If you’re in the horse business, then you’re probably in the “innovation” business, too. Thinking of clever ways to stretch your dollars has become business as usual so you can get to the finish line without having to perform major surgery to the bottom line.
Which gets to one such option: a trade of services in exchange for payment.
There seems to be two distinct schools of thought on the subject: those who claim “trades” never work; that the lines of expectation are guaranteed to blur, leading to ill will on both sides, and those who claim to have had a good experience. So, what’s the secret to their success?
According to Mary Thomas, president of Equistaff.com, the key is to be clear AND PUT IT IN WRITING. It doesn’t have to be a formal contract, you can jot down the terms on a brown paper bag, just so long as you have something to refer to should a question arise.
“The agreement should include the estimated number of hours it takes to complete each task and an assigned a dollar amount from which to subtract the cost of the board,” said Thomas.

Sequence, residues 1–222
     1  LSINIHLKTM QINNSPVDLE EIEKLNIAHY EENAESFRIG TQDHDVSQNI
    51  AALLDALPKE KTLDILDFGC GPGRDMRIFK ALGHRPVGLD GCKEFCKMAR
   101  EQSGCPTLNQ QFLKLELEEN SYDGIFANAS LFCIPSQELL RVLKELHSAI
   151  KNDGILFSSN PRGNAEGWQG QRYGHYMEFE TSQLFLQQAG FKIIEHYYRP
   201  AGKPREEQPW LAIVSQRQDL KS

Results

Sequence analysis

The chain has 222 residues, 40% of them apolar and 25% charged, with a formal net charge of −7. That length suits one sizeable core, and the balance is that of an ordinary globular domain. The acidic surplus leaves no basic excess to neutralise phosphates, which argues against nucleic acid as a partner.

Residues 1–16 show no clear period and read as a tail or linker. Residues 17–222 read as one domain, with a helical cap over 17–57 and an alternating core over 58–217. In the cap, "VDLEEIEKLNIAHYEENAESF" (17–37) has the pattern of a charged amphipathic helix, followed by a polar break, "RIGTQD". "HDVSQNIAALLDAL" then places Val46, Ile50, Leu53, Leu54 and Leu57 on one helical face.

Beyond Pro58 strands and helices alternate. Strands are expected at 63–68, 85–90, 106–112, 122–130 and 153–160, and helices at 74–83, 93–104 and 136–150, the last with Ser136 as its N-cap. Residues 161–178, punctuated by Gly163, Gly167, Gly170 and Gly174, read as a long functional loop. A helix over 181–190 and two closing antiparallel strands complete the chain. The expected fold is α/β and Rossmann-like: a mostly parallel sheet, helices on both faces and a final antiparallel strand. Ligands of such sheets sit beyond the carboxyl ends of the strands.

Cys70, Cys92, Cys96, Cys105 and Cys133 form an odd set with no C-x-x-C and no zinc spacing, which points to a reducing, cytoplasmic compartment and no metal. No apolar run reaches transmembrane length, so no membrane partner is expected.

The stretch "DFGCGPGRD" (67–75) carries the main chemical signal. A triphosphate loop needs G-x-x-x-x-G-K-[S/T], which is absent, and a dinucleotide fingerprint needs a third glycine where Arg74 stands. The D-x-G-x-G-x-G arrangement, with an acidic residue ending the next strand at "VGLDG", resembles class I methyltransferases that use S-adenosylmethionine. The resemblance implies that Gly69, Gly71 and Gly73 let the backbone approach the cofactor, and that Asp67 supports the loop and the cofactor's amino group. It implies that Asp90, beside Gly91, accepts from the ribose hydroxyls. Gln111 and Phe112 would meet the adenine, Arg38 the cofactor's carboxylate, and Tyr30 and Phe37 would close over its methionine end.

For instance, how long does it take to feed, blanket, turn-out and set-up for the next feeding? Are mucking stalls included? For how many horses? And most importantly, she said to be clear about the care and attention to detail you expect. Do you want the blankets folded and hung up a certain way? Halters put in a specific place? The aisles swept or blown clean?
Trouble usually starts when someone feels they’re not getting a fair deal--tasks are piled on over and above what was agreed to, or conversely, when work standards start to slide (stressing again the reason for having a written agreement).
That said, we all know working around horses is anything but linear, which is why Thomas said to keep the lines of communication open. Everyone has an investment in this. The goal is to have a long term, win-win relationship, so do what horse people do best: adapt.
Editor's Note: Because of the complexity of this issue, we will have a full article in the spring issue of Stable Management magazine looking at the pros and cons of barter. If you have not signed up to receive FREE print magazines, make sure you do that on StableManagement.com by clicking on the Join Stable Management tab at the top of the page.